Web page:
Numerous surveys have shown that Americans are not interested in buying dairy products that contain milk from cloned cows and Dean Foods is responding to the needs of our consumers.

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Organic Sexuality

"PASA includes farmers who see the growing of nutritious food as an end in itself, not just a way to eke a living from a patch of dirt." - Kim Miller, PASA president 2000-2007

This past weekend, I was in State College, Pennsylvania, for the annual Farming for the Future Conference, the largest sustainable agriculture gathering on the East Coast and among the biggest in the country, with about 1,700 attending.

The conference was organized by the Pennsylvania Association for Sustainable Agriculture and drew all sorts of farmers and artisans out of the hills and gulleys: from Amish draft-horsesmen to biodiesel proponents, from grass-fed beef ranchers to organic herb farmers, from bee keepers and mushroom culitvators to back-woods denizens of hand hoes and makers of tomato sauce, organic flour and artisanal cheese.

There wasn't an agribusinesses in sight.

I participated in a couple of panels, on the growth of organics and where this movement is headed. As might be expected, there were misgivings about the onward corporatization of organics and concern that the label would be devalued. At the same time, farmers expressed a strong desire to protect the "meaning" of organic, fight to maintain the integrity of the organic label, and welcome corporate players, if they played by the rules. Well, that last point might be overstating it - there was a clear distrust of the mainstream food companies.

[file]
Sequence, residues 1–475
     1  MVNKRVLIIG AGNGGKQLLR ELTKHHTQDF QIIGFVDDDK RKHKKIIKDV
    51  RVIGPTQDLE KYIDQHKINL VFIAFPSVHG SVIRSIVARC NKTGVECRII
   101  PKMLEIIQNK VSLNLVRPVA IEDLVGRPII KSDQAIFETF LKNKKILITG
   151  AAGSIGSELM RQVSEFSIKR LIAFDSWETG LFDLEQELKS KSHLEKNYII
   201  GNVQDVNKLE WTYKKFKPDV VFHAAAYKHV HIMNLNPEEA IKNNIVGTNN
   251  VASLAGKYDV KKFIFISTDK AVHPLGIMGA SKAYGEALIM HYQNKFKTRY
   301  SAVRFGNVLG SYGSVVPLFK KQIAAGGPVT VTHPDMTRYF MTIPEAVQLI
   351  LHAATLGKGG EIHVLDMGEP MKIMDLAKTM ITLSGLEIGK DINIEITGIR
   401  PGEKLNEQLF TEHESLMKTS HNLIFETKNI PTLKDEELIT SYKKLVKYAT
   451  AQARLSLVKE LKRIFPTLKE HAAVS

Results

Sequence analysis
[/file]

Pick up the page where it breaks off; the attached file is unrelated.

One of the more enlighting talks of the conference came from Michael Ableman,who delivered a keynote on the need to elevate the recognition of farmers and draw new ones into the fold. He also talked about ways to better faciliate the farmer & consumer connection (one thing this blog aims to do as well).

His solution - don't hit people over the head with a sense of all that's gone wrong, rather entice them with what can go right. For consumers, that might come through the food and an understanding of how it was grown and who grew it.

He also talked about the need to attract younger farmers to the land, perhaps with a sexual enticement. Ummm, not actual, but building on the idea - as one bumper sticker from the 60's put it - that "organic farmers are more fertile." Sexuality is humming through the farm, not just among the animals, but among the bugs, the seeds, in the soil itself at a microbrial level. He drew out this metaphore to many laughs, but made the point that there was a richness, even, at the extreme, an eroticism in this relationship with the land. Isn't this what marketers have known all along? Sell the sizzle? Actually, I've met quite a lot of young farm interns who matched up during their apprentice years and went on to start farms of their own.

The other interesting thing - aside from the workshops on how to butcher an animal, make your own sauerkraut, start a farmers' market - was the absolute buzz around biodiesel.

Recall, this meeting is the epitome of the do-it-yourself set and finally, in energy, biodiesel gives these farmers one more opportunity to cut their ties with The Man - Big Oil. Long live the french fry!

One farmer, though, who picks up gallons of the stuff every week, said he's around the fry oil so much, belching out of his tractors and trucks, that he has sworn off fries. "I won't eat 'em," he said. But that's probably not a bad thing.

I suggested, for variety, he try fry oil from a Chinese restaurant.

"That's a good idea, except when you get frying oil from a Chinese restaurant the trucks never seem to get full," he replied.


This kind of summed up the ethos of the conference: a "Buy Fresh, Buy Local" Toyota Prius.-